This trial has been terminated.

Condition multiple sclerosis
Treatments cholecalciferol, placebo comparator
Phase phase 2
Sponsor Academic MS Center Limburg
Start date October 2014
End date November 2016
Trial size 54 participants
Trial identifier NCT02096133, 2014-000728-97, EMR200109_635


Patients with multiple sclerosis (MS) have an increased risk of developing a major depression. The investigators observed a protective effect of high vitamin D levels on the risk of depression in MS. This might be driven by the effect of vitamin D on the stress-axis. Therefore, the main goal of the present study is to assess whether high dose vitamin D supplementation results in a suppression of the stress-axis, as measured by decreased levels of cortisol.

United States No locations recruiting
Other countries No locations recruiting

Study Design

Allocation randomized
Intervention model parallel assignment
Primary purpose other
Masking participant, care provider, investigator, outcomes assessor
Patients receive 1dd 100ug vitamin D3 (drops) for 16 weeks
cholecalciferol Vigantol Oil
Vitamin D3 solution
(Placebo Comparator)
placebo drops during 16 weeks
placebo comparator
Placebo comparator

Primary Outcomes

The area under the curve (AUC) of the cortisol day curve
time frame: At baseline and after 16 weeks of supplementation.

Secondary Outcomes

The slope of the cortisol day-curve
time frame: At baseline and after 16 weeks of supplementation
The cortisol awakening response
time frame: At baseline and after 16 weeks of supplementation
Clinical outcomes on depression
time frame: At baseline and after 16 weeks of supplementation
Efficacy of supplementation
time frame: At baseline and after 16 weeks of supplementation. Side effects will also be checked at 8 weeks of supplementation.
Side effects
time frame: At baseline, after 8 and after 16 weeks

Eligibility Criteria

Female participants at least 18 years old.

Inclusion Criteria: - Female - Relapsing Remitting MS - At start of study > 6 weeks in clinical remission of disease - Age > 18 years. - Premenopausal - Treated with either no immune-modulating treatment, or the currently registered MS modulating treatments: Interferon beta 1a (Rebif®), Interferon Beta 1b (Betaferon® or Avonex®), Glatiramer Acetate (Copaxone®), dimethylfumarate (Tecfidera®), teriflunomide (Aubagio®)) or fingolimod (Gilenya®). Exclusion Criteria: - Any contraindication to vitamin D according to Summary of Product Characteristics: Hypercalcaemia, hypervitaminosis D, nephrolithiasis, diseases or conditions resulting in hypercalcaemia and/or hypercalciuria (incl. primary hyperparathyroidism), severe renal impairment . - Use of dexamethasone or other systemic glucocorticosteroids <2 months prior to first study visit - Supplementation of >=1000 IU/d (25µg) vitamin D2 or D3 - Medical history of disturbed vitamin D/ calcium metabolism other than low intake - Present clinical (major)depression - Present treatment with anti-depressants, benzodiazepines, or neuroleptics. - Treatment with high-dose dexamethasone for MS exacerbation during study. - Pregnancy or the intention to become pregnant during the study period.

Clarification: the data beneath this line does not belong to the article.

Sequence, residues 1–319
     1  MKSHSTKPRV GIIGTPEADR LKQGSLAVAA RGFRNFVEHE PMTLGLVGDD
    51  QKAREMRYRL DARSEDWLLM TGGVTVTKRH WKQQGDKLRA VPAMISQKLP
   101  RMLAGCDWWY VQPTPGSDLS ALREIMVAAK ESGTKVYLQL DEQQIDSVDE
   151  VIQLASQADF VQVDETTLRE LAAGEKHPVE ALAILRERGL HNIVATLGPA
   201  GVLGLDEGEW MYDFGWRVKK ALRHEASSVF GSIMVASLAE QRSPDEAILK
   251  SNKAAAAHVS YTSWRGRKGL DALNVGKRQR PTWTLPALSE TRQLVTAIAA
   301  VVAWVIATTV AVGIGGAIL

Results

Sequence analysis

Additional Information

Official title Regulation of the Stress-axis by Vitamin D3 in Subjects With Multiple Sclerosis; a Double-blinded, Randomized, Placebo-controlled Study
Principal investigator Raymond Hupperts, MD, PhD
Description The lifetime incidence of a major depression in Multiple Sclerosis (MS) is 50%. (Patten et al. Neurology 2003; 61(11):1524-7) Our group reported a negative correlation between vitamin D status and depression score of the Hospital Anxiety and Depression Scale (HADS) in a cross-sectional dataset of Dutch MS patients. (Knippenberg et al. Acta Neurol Scand 2011; 124(3):171-5) This suggests an interaction between vitamin D and biological mechanisms affecting susceptibility to depression. Currently, we have two main hypotheses: 1) Vitamin D regulates the hypothalamic stress axis in MS. Based on our findings that cortisol releasing hormone (CRH)-positive hypothalamic neurons in the brains of MS patients stained positive for the vitamin D receptor (VDR) and 1,25(OH)2D-24-hydroxylase (24-OHase). (smolders et al. J Neuropathol Exp Neurol 2013;72(2):91-105) 2) Vitamin D affects T cell cytokine profile and hereby the odds of developing depression. Also in non-MS depressed patients increased levels of pro-inflammatory cytokines are detected (Maes et al. Metab Brain Dis 2009; 24: 27-53). Vitamin D3 has shown to be a potent promotor of T cell regulation both in vitro and in vivo. (Smolders et al. J Neuroimmunol 2008;194:7-17 and Smolders et al. PLoS One 2010;5:e15235) The main goal of this study is to assess whether supplementation of high doses vitamin D3 results in a suppression of saliva cortisol day-curves in subjects with multiple sclerosis, and we will explore whether the pro-inflammatory cytokine profile of T lymphocytes is regulated.
Trial information was received from ClinicalTrials.gov and was last updated in January 2017.
Information provided to ClinicalTrials.gov by Academic MS Center Limburg.